How many hunters and at what distance?

Dover has a maximum number of hunters or maximum density set to 58 for its parcels. Sudbury is set at 25 and Framingham at 14. Westford has defined density as one hunter per ten acres. Members of the committee also discussed a density of one hunter per acre in Carlisle and imagined that licenses would be associated with specific parcels, with the acreage determining the number of licenses available. Not only would this ensure safety, but it would also guarantee that hunting would be spread out throughout the town 

State hunting regulations prohibit bow hunting within 500 feet of a home (unless permission is otherwise given by the homeowner in writing) or within 150 feet of a roadway. Tobin suggested identifying all town-owned parcels and then mapping the properties within the 500-foot discharge setback to determine those that would be excluded. Property owners could be approached by the committee to give permission for selected hunters to operate within the setback.

Tobin asked if trails should have the same 150-foot setback as roadways. As with roads, hunters would also have to face away from them when hunting. As a member of the Trails Committee, Tobin explained the potential challenge in mapping parcels that could contain a number of trails and intersections and could provide setback challenges depending on the distance they chose. Westford currently prohibits hunting within 50 feet of a trail, while Sudbury Valley Trustees and TTOR are set at 75 feet.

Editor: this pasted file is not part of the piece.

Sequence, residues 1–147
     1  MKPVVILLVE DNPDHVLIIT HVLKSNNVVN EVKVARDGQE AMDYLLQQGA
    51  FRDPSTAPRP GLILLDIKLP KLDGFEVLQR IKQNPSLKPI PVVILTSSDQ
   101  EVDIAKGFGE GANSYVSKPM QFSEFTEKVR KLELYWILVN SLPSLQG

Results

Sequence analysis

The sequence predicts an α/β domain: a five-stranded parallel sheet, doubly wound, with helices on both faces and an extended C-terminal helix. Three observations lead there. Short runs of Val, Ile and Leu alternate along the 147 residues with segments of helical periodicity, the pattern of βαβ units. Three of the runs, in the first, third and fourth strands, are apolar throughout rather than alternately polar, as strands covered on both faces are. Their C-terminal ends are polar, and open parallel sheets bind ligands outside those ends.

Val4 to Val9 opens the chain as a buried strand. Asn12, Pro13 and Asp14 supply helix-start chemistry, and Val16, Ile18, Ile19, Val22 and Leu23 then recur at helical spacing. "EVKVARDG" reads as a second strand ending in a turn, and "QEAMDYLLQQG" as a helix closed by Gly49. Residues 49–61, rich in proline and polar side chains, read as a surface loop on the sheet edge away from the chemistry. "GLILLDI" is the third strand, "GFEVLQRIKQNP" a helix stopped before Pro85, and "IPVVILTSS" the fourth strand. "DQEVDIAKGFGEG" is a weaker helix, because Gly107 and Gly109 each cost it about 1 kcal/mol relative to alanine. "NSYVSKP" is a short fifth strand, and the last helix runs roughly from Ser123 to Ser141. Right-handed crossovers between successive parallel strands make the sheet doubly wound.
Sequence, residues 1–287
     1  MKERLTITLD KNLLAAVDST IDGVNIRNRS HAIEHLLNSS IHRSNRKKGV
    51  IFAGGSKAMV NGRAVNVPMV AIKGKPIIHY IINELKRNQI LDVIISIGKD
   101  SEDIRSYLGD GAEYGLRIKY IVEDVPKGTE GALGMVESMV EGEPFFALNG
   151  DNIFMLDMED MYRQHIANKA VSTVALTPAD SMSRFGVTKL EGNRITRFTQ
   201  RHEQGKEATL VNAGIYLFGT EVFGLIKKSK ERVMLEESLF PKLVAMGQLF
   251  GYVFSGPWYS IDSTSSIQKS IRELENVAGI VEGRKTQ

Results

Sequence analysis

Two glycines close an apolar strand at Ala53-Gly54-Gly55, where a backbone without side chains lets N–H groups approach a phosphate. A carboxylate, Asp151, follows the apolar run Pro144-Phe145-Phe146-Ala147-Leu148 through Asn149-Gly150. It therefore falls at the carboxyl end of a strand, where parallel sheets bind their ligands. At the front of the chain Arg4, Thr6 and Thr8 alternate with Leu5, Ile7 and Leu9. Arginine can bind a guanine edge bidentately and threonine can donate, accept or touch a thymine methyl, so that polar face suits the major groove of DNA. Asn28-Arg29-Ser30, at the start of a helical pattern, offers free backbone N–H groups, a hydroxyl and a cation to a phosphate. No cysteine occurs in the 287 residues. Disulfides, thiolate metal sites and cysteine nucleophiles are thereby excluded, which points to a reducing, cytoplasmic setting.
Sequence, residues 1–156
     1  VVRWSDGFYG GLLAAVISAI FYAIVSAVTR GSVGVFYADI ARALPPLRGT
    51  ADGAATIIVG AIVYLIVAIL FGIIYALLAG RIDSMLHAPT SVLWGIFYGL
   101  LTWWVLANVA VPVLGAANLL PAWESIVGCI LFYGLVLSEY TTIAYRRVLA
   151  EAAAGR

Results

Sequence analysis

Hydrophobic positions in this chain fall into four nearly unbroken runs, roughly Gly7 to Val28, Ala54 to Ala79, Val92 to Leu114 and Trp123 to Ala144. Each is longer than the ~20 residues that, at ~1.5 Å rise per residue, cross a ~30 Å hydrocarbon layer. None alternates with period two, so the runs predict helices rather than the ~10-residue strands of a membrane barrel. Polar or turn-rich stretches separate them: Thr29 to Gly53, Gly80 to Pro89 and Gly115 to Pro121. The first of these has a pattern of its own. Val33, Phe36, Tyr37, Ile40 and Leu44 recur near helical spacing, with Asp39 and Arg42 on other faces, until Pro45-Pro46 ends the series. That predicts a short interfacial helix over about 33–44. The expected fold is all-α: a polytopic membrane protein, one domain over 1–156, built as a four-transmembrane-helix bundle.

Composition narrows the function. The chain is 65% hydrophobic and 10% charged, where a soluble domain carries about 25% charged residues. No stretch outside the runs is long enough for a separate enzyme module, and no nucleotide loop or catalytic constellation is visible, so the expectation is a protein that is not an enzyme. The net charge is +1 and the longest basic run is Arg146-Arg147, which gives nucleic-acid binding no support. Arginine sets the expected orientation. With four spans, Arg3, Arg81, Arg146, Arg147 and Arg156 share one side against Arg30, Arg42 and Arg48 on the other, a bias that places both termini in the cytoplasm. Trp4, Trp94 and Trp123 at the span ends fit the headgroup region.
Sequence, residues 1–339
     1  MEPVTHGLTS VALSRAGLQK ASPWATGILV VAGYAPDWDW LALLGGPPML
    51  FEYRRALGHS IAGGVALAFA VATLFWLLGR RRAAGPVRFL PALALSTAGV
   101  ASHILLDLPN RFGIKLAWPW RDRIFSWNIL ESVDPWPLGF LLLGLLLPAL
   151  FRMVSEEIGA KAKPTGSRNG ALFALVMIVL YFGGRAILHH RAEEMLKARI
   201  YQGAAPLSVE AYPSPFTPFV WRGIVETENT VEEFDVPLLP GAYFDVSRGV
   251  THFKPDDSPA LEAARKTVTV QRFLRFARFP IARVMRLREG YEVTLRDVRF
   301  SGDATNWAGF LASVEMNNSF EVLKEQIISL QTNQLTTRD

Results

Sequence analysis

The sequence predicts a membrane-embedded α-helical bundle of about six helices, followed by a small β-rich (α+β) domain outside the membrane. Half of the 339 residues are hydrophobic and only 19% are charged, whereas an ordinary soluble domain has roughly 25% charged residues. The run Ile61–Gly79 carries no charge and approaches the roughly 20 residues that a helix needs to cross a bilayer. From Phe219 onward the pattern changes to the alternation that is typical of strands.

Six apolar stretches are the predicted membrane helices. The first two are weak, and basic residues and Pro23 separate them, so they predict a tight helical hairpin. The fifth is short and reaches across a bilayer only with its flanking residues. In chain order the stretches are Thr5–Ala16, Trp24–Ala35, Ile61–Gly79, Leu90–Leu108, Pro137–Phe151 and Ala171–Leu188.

Trophies and antlerless deer

Keating also wants the committee to consider how to encourage hunters to take an antlerless deer before one with antlers. Antlerless deer are any deer, male or female, without antlers or where the antlers are less than three inches in length. According to MassWildlife, of the 12,196 deer harvested in Massachusetts in 2016 (excluding Quabbin, which is a controlled hunt), 5,190 were antlerless (which includes button bucks, or males six months or younger).